6 Simple Ways to Build Your Daughter's Self-Esteem
Going to summer camp can be great for kids' self-esteem, and you can also create self-esteem building experiences at home.
Apr 23, 2016Lifestyle
HealthyWomen's Copy Editor
Marcia Cronin has worked with HealthyWomen for over 15 years in various editorial capacities. She brings a strong background in copy editing. She graduated from the University of North Carolina at Chapel Hill with a bachelor's degree in journalism and worked for over two decades in newspapers, including at The Los Angeles Times and The Virginian-Pilot.
After leaving newspapers, Marcia began working as a freelance writer and editor, specializing in health and medical news. She has copy edited books for Rodale, Reader's Digest, Andrews McMeel Publishing and the Academy of Nutritionists and Dietitians.
Marcia and her husband have two grown daughters and share a love of all things food- and travel-related.Full Bio
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Do you worry that so much time on the smartphone and laptop is not healthy for your daughter's self-esteem and psyche? Are you looking for ways to encourage her to disconnect—or at least back away—from technology and relax and enjoy the summer?
Maybe you're remembering how much fun you had when you left civilization behind and went away to summer camp. Well, things have changed, and it's hard for children to get away from technology these days. But maybe it's worth a try.
Social media and the flood of polished images and overhyped messages that bombard our daughters on their smartphones and computers can harm their already precarious self-images. And online bullying and "mean girl" moments only make it worse.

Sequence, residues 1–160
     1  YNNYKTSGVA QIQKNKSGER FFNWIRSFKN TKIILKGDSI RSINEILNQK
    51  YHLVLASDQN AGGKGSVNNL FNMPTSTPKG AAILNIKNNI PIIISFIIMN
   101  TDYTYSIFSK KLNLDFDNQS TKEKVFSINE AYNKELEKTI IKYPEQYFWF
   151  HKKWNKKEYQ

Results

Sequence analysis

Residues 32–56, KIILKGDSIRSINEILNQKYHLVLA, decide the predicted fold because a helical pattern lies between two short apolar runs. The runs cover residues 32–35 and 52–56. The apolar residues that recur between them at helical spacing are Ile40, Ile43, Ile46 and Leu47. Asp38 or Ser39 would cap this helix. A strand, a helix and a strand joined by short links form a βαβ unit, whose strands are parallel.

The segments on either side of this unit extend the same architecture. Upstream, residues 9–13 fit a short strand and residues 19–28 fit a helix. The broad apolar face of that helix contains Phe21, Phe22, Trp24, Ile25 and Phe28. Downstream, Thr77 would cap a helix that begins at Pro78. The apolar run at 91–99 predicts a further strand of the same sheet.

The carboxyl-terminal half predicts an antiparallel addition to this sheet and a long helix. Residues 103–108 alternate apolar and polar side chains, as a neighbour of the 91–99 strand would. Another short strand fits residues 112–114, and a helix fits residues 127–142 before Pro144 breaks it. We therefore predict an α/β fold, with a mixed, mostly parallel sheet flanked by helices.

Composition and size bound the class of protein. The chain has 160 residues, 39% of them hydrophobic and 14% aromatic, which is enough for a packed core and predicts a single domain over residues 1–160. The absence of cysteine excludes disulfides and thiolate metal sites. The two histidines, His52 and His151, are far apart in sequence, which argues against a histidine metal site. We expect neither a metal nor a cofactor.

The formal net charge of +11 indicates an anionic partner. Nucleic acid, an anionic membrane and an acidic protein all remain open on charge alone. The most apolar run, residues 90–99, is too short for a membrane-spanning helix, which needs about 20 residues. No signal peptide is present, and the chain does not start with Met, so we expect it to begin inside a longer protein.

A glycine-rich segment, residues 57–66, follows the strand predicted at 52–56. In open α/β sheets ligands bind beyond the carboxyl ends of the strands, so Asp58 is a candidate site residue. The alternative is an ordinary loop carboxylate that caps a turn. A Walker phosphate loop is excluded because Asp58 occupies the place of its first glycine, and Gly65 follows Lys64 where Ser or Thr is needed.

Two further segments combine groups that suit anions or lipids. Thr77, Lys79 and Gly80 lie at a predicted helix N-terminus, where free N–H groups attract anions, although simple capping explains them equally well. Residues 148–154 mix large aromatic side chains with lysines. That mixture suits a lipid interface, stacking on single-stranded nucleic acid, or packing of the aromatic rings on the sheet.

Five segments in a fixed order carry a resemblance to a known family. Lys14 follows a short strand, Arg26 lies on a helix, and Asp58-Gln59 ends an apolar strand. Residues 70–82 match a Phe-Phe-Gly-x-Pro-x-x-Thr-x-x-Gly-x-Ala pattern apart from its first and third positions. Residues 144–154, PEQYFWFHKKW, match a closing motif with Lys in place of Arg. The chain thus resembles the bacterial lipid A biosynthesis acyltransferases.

May is National Teen Self-Esteem Month and a good time to talk with your daughter about how she feels about herself. Studies show that 53 percent of 13-year-old American girls are unhappy with their bodies, and 78 percent of 17-year-olds don't like what they see in the mirror.
If you think it would be healthy for your daughter to get away from her screens and her virtual "friends" for a while, you may want to help her look into summer camps or other adventures. It could be a wilderness camp, a nearby recreational camp, a family trip to Europe or a mission trip to South America. Or maybe she'd like the responsibility of camp counselor.
Experts at the Camping & Education Foundation say summer camp can teach teen girls life skills and help them develop not only a stronger body but also a stronger sense of self. That sounds better than watching reality TV, following celebrities online and posting selfies, right?
If camp is out of the question, you can help your daughter create a self-esteem–building experience at home by encouraging her to try these tips from the Camping & Education Foundation:
These changes can help kids step out of their normal worldview and realize that the hairstyles, clothes and other materialistic aspects of life that they and their friends value may not be as vital as they once seemed.